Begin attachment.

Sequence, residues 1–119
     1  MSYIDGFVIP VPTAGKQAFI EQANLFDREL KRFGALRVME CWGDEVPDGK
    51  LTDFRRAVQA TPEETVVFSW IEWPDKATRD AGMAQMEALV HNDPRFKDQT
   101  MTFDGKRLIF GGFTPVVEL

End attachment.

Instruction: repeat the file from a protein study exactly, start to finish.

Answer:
Sequence, residues 1–119
     1  MSYIDGFVIP VPTAGKQAFI EQANLFDREL KRFGALRVME CWGDEVPDGK
    51  LTDFRRAVQA TPEETVVFSW IEWPDKATRD AGMAQMEALV HNDPRFKDQT
   101  MTFDGKRLIF GGFTPVVEL